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One of our scientists is missing

  • Key Stage 3
  • Topical

Type: Activity
Learning Strategy: Case study
Topic: Solar System

This activity shows how space science knowledge can be applied to solving problems, and to career routes in the industry. Students investigate the disappearance of a scientists on a mission, by deciphering various information sources.


Get involved: Bespoke STEM careers CPD workshops are available in school – please contact the STEM Careers project at: info@careersinstem.co.uk.
 

Published: 14th April 2010
Reviews & Comments: 4

Learning objectives

Students interpret qualitative and quantitative data about the solar system from a number of sources, to draw a conclusion

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KS3 Science
Key Concepts: Scientific thinking
1.1 (a) Using scientific ideas and models to explain phenomena
(b) Critically analysing and evaluating evidence

Key Processes: Critical understanding of evidence
2.2 (a) Analyse data from a wide range of primary and secondary sources

Communication
2.3 (a) Use appropriate methods, including ICT, to communicate scientific information

Range and Content
3.4 The environment, Earth and universe
(b) astronomy and space science provide insight into the nature and observed motions of the sun, moon, stars, planets

Personal, learning and thinking skills
Independent Enquirers)
• consider a range of possible perspectives, causes, explanations and outcomes
• make choices based on evidence from what has been found

Running the activity

Pupils are part of an earth-bound team set the task of interpreting a range of data relating to the solar system/universe. This team includes space scientists/cosmologists, computer and survival experts.
They will work in pairs and use the data they have been supplied plus information from other sources such as books and the internet. The objective is for each pupil to write their own account of the explorer's investigations and possible whereabouts.
 
The account can be written in whatever form the pupil feels most comfortable, e.g. scientific report, letter to a colleague, newspaper article, etc. These can form a classroom display.
 
The pupils will have access to information in a variety of forms and they need to interpret what they read and start to put together a 'report' that might give an indication of where the search for the missing scientist might begin.
 

A concept map to aid understanding and as reference for the rest of the unit can be used as a starter activity, revision exercise or homework before starting this activity. An optional map of the Solar System is provided if needed. Strategies may be needed to adjust the activity for less fluent readers, for example working in a larger group and sharing reading.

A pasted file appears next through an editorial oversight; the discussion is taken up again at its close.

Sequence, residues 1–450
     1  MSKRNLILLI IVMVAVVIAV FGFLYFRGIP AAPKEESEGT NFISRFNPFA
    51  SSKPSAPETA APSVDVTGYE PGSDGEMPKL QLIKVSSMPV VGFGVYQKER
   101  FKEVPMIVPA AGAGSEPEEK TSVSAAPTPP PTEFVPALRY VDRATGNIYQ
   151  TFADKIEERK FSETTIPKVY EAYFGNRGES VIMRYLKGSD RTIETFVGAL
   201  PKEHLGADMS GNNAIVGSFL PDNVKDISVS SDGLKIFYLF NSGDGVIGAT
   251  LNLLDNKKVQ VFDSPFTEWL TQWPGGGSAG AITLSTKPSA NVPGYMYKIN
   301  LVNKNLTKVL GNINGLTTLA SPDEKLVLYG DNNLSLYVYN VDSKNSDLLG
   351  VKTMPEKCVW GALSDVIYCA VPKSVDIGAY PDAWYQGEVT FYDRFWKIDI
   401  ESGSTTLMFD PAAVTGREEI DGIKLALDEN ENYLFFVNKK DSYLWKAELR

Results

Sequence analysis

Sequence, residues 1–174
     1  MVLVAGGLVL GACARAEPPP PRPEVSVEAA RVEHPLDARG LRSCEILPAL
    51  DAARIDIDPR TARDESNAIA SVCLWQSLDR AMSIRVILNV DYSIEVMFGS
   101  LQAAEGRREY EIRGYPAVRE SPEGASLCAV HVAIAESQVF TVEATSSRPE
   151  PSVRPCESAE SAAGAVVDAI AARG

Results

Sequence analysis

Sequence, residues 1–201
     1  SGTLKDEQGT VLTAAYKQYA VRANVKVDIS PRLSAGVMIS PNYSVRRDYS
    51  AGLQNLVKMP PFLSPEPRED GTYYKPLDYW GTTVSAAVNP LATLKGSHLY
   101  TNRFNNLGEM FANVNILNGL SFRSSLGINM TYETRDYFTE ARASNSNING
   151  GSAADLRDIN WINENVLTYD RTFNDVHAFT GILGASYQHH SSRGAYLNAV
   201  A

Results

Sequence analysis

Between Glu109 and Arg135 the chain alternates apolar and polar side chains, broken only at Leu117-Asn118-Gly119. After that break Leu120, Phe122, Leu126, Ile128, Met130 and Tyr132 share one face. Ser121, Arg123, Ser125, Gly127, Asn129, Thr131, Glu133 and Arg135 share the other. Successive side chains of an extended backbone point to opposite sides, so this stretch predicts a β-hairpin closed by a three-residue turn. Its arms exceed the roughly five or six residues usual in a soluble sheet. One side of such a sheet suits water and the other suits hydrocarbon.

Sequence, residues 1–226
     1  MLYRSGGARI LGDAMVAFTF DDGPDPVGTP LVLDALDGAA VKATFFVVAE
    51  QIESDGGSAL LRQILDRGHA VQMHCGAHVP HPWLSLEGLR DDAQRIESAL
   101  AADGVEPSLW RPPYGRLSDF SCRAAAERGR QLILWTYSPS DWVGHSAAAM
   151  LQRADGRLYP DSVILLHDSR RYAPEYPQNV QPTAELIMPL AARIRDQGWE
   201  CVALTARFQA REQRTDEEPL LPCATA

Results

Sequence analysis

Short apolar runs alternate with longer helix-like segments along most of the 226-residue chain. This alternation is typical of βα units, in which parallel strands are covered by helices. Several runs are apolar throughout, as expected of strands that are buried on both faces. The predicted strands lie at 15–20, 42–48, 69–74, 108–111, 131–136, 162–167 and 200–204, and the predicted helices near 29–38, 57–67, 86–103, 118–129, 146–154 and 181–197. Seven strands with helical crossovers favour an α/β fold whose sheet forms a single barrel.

News links

Future Morph
To help you find out about space travel and roles that are available already
Science so What So Everything
A campaign run by government to raise general awareness of science in society and there a number of possible future jobs - based on current scientific research projects.
Teachers TV clips
Inviting a STEM ambassador to come in and be interviewed by the pupils choosing careers.
A space scientist
Dr Maggie Aderin Pocock.
Apprentices at Airbus
These stories that show the opportunities for those who want a vocational route.
STEM choices in the space industry
More information about the UK space industry and additional information links.

Reviews & Comments

Write your online review to share your feedback and classroom tips with other teachers. How well does it work, how engaging is it, how did you use it, and how could it be improved?

One of our scientists is missing review

Jun 9th, 2011

1 Star

Essentially seems to be a very poor exercise in identifying the 1 planet beyond Mars that might have water on. Large swathes of the data is also simply wrong. Very disappointed

Reviewer: Ed Gillett

One of our Scientists is Missing

Dec 15th, 2010

4 Star

I did this with a couple of classes and I went well.

Reviewer: Lorain McCann

Physics

Oct 25th, 2010

1 Star

When I first saw this I thought it looked really good to use with our Year 9 students, as the basis for a Space Project that will incorporate some of the higher level topics such as moments and pressure. I was disappointed to find that there is so much bad Physics in it, however, that I will be unable to use the student information cards.

Reviewer: Mandi Szuplewski

Physics

Jun 8th, 2010

5 Star

I think my students will love it very much, especially the movies. Thanks!

Reviewer: Caleb LO

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